SHAH ALAM — More than a month into the murder trial in one of the most brazen, cunning and perplexing assassinations seen in a long time, defence lawyer Gooi Soon Seng was on the front foot. “When was the first time you identified them, when was the first time you saw the CCTV footage?” Seng asked Wan Azirul, a police investigator and prosecution witness. The lawyer was referring to 4 North Korean men seen on footage from Kuala Lumpur International Airport on February 13 this year. That morning, Kim Jong Nam, the estranged half brother of the North Korean dictator Kim Jong Un was poisoned with VX, a chemical weapon, while waiting at the airport to board a flight to Macau. The grainy security camera videos could be key to the case against the only two people standing trial in the case, which is being tried In a small courtroom about 20 miles from the centre of Kuala Lumpur.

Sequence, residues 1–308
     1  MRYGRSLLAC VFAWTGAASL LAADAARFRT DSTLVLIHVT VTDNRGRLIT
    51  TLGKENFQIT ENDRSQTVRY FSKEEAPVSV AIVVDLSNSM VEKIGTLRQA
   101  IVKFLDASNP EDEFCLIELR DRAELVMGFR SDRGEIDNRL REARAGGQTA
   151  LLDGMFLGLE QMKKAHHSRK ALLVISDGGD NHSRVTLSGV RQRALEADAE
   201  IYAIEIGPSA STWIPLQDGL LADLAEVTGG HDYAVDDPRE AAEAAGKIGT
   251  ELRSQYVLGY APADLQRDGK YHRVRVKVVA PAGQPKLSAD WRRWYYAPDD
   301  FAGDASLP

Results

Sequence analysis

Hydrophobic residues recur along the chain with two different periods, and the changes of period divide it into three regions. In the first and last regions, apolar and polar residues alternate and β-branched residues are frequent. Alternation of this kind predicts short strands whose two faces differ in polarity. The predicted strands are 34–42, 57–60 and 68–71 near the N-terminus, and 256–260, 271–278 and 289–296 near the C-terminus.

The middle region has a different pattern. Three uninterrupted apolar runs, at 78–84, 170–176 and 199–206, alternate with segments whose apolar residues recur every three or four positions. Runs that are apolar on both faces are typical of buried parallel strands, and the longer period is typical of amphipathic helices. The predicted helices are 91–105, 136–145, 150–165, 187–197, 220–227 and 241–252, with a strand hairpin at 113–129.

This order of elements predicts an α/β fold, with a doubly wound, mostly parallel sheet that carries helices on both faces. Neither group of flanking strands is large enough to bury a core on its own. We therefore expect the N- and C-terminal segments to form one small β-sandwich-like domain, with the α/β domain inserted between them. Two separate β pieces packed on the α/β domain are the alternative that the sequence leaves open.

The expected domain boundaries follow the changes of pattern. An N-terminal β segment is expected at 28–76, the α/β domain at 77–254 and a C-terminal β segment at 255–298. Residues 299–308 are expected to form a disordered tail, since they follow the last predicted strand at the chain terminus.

SHAH ALAM — The two defendants appeared in court with scarves wrapped around their heads, partially obscuring their faces. One of the young women spoke animatedly, hands awhirl as she bantered with her lawyers during a recess. Her relaxed demeanor belied the charges against them. Since Oct. 2, Siti Aisyah, a 26-year-old Indonesian, and Doan Thi Huong, a 29-year-old Vietnamese, have been on trial in a Malaysian courtroom for what prosecutors consider a brazen assassination. The court has seen the closed-circuit camera footage from Feb. 13 at the airport in Malaysia’s capital, Kuala Lumpur — aired on TV worldwide — that shows the two women sidling up to a portly, middle-aged man and appearing to rub their hands in his face. The man, who turned out to be 46-year-old Kim Jong Nam, the estranged half brother of North Korean leader Kim Jong Un, died shortly afterward from what an autopsy concluded was exposure to the lethal nerve agent VX.